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Max Beckmann: The World as a Stage

24. February – June 10, 2018

The first exhibition to focus on this central theme in the work of the painter, thus enabling a new look at an exceptional artist of the twentieth century.

Many works by Max Beckmann (1884–1950) depict the world of theater, circus, and vaudeville. The topic of putting on a show inspired him during his entire career. His paintings bring the “world theater,” the Baroque way of seeing the world as a stage, into the modern age. In light of the artist’s experiences in World War I and the dramatic political developments during his years in exile after 1937, Beckmann employed “the world as a stage” as a symbol for the catastrophic situation that prevailed at the time in global affairs. To deal with this, the painter transformed his images into a stage for his art.

 Max Beckmann:  Dancer (Split),  1935, Museum der bildenden Künste Leipzig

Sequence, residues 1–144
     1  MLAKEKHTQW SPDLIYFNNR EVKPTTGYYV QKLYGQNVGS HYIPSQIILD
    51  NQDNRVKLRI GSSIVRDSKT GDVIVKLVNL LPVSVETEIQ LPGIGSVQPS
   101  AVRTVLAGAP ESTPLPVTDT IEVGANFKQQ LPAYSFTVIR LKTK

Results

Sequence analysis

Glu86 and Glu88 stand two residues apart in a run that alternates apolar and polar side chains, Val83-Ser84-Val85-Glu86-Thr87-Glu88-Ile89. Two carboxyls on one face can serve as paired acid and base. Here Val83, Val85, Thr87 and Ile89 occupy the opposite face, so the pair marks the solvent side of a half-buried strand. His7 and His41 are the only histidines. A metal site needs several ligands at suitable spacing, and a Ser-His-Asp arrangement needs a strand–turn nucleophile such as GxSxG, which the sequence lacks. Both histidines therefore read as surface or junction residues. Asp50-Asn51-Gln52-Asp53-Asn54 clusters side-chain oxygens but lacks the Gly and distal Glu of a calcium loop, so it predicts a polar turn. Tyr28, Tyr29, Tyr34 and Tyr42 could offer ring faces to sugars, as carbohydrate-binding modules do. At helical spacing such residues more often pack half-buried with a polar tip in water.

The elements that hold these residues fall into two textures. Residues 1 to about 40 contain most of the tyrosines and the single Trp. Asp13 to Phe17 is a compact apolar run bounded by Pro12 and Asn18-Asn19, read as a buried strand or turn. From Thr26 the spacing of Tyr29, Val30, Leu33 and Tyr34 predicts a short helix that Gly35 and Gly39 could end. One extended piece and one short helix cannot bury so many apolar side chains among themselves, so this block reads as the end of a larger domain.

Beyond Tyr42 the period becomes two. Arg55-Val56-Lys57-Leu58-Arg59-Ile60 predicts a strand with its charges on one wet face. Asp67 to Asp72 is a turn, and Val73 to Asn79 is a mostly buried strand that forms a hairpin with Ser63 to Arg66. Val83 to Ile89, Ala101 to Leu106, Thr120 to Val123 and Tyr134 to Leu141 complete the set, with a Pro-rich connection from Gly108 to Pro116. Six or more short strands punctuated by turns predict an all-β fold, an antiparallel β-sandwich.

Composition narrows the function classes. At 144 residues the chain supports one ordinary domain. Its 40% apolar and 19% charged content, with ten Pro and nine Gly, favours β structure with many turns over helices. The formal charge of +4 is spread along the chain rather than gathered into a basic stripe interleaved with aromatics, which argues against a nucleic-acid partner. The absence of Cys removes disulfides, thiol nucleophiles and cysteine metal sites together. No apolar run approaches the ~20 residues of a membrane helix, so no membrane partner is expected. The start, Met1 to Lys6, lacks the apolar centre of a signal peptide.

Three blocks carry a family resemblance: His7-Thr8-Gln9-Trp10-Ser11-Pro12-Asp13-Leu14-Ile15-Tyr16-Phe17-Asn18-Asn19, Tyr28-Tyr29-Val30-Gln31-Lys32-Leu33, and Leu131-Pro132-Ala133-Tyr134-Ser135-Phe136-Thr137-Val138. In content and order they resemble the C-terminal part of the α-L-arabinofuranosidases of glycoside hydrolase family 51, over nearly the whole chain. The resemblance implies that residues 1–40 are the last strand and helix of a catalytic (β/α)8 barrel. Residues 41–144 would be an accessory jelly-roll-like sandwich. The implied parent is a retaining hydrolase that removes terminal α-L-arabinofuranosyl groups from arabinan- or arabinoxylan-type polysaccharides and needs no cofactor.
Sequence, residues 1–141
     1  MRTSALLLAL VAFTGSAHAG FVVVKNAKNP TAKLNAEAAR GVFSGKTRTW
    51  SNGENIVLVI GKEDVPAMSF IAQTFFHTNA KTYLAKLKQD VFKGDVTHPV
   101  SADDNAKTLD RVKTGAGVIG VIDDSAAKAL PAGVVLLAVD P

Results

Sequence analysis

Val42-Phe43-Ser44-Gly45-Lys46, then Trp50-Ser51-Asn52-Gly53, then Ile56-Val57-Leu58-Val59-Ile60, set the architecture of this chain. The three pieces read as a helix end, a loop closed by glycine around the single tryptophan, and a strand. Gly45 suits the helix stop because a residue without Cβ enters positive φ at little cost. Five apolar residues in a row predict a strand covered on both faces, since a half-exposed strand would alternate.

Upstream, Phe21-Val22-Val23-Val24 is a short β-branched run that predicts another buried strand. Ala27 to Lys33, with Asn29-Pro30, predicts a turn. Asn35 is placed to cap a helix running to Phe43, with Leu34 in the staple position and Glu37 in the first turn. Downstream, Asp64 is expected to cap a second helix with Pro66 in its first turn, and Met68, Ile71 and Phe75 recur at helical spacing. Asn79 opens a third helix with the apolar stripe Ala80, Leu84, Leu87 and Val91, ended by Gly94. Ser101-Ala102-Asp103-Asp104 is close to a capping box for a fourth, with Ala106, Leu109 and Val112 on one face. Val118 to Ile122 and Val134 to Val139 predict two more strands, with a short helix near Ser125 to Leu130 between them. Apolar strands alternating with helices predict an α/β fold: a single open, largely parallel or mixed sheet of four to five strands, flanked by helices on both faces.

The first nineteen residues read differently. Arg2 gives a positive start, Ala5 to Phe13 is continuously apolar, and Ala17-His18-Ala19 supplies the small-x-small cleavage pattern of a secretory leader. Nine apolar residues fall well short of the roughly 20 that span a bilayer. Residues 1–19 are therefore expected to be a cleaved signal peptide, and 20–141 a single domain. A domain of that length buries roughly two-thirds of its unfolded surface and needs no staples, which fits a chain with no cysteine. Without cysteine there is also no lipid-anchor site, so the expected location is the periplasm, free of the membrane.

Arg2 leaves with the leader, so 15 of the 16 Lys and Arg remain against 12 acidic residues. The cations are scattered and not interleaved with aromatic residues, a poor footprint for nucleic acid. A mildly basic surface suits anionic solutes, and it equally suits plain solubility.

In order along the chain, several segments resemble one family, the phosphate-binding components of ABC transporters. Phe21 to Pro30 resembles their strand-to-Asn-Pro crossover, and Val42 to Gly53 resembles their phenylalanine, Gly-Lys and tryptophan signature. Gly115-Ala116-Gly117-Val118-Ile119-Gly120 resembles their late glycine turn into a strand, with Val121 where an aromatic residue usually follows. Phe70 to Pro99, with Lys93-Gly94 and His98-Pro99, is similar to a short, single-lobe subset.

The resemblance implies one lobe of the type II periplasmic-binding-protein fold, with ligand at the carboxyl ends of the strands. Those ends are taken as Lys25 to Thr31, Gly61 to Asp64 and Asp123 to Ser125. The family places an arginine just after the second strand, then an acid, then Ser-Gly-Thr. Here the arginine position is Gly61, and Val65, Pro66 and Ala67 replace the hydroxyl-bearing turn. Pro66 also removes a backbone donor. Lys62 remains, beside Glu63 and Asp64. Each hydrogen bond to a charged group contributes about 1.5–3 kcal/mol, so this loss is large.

Max Beckmann: Dancer (Split), 1935, Museum der bildenden Künste Leipzig

“Beckmann’s powerful painting, with which he divides the picture surface into individual facets and shows the actors in disjointed interaction, with roles and plots we do not know, is just as topical today as it was at the time it was created. Beckmann’s painting conveys this basic experience of the modern era and challenges individuals to question the figures and to choose their own role in the world theater.”

Ortrud Westheider, Director, Museum Barberini
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